Vt. officials look to streamline renter rebate program
More money could be heading your way if you rent in Vermont. In his budget address, Governor Phil Scott promised an overhaul of the renter rebate program.
Like many of his peers, Scott Miley rents an apartment in Burlington not too far from downtown. He says Burlington rent isn't cheap. "There's a lot of people who could just do a little bit better," he said.
Miley wouldn't mind a few extra bucks to put away, but he hasn't filed for the state's renters' rebate in years because he previously had roommates, and with everyone's jobs they made more than the $47,000 household income set by the state. "It's kind of an odd position to be doing just well enough to pay rent but not doing well enough to get a rebate back," he said.
About 76,000 people rent in Vermont. Of those, the tax department thinks about 45,000 could apply for a renter's rebate, but only about 12,000 actually got one. The reason people don't apply? They told us it's just too complicated.
Tax Department Policy Director Doug Farnham says in 2017, they started looking at what they could do better. "Renter rebate came out on the top of the list as far as inefficiency goes," Farnham said.
It caused them most calls from frustrated tax filers. Farnham agrees that it's too complicated. So, their department is working with lawmakers right now to fix that.
"We think that this could save Vermonters and the department a lot of time and frustration," Farnham said.
We went to check the tax return booklet and see what that actually looks like. And what happens is that this renter rebate claim -- this form gets a lot easier to fill out. And this one here, this household income form -- that doesn't even exist
"Right now it's extremely customized to someone's individual situation," Farnham said.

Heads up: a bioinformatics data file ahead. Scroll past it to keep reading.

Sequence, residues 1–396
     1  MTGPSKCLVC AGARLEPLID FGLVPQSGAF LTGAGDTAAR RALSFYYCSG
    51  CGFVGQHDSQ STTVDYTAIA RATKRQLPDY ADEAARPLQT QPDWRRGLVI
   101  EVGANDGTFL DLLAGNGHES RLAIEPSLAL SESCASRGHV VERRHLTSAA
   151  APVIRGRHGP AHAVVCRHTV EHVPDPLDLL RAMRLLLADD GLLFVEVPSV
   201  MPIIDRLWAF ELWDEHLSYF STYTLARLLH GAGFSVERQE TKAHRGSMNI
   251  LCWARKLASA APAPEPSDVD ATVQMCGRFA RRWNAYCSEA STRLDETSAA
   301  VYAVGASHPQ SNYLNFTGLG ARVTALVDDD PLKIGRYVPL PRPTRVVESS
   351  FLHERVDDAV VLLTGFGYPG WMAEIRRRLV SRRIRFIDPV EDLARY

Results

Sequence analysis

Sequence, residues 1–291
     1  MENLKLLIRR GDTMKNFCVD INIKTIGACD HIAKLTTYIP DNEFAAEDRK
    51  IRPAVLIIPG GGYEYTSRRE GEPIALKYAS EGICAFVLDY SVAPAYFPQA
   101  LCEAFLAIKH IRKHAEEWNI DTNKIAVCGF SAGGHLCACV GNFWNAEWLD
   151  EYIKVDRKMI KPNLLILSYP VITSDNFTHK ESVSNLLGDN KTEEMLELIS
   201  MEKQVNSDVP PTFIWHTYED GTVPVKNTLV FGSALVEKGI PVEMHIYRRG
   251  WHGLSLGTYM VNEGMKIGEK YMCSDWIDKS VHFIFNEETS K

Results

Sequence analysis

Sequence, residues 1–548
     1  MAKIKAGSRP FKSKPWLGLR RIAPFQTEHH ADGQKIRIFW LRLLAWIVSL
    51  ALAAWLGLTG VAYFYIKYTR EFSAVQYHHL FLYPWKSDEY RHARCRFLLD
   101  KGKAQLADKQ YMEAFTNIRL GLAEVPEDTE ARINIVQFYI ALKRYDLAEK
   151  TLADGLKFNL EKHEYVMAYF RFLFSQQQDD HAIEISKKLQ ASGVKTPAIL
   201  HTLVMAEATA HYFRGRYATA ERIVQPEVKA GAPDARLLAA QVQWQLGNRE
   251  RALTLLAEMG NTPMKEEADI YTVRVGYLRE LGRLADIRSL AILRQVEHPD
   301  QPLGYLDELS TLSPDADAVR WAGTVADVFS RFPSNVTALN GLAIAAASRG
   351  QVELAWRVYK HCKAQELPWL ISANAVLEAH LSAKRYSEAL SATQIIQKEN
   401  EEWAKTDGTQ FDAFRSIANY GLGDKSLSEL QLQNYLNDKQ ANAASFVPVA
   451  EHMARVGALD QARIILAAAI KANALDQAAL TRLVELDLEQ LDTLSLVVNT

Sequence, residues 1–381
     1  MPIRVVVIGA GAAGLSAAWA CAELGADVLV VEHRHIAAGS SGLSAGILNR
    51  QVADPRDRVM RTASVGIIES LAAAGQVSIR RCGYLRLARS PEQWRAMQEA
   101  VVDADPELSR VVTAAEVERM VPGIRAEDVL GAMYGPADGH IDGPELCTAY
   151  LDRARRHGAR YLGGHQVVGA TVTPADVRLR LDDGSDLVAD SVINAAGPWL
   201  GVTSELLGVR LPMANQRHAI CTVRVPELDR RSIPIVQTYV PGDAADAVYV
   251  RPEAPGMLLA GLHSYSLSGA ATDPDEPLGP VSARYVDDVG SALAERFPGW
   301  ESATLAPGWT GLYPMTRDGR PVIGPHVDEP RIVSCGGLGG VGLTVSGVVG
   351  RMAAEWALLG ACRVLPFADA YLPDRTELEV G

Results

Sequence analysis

He says the new system would be more standardized. It would be based on tax filing status. So, no more hounding your housemates for financial information. You won't need a form from your landlord. And, the rebate amount would be set by county, so low-income renters in higher-cost areas like Chittenden County could get more help. Overall, Farnham says more aid would shift to very low income people and families.
"If you're single it'll generally phase out at under $30,000," Farnham said.
Miley says he will likely try to file for a rebate this year, but that he'll probably end up calling the department for help. "It's a lot to figure out. Of course, everyone likes to think they're a smart person, but you really shouldn't need a PhD to file your taxes or do a renters rebate. It shouldn't be that hard," he said.
The House Ways & Means Committee is looking at the proposal now, so none of these changes would take effect for this tax filing season, but they're hoping to have them in place for next year.
Officials say they actually haven't been giving out all the money that was set aside for rebates -- only $8.5 million of the $9.5 million they have budgeted. They estimate their changes will reach another 1,500 and dole out about a million bucks. So, they won't need any funding increase immediately. Down the line if a lot more people apply, that could change.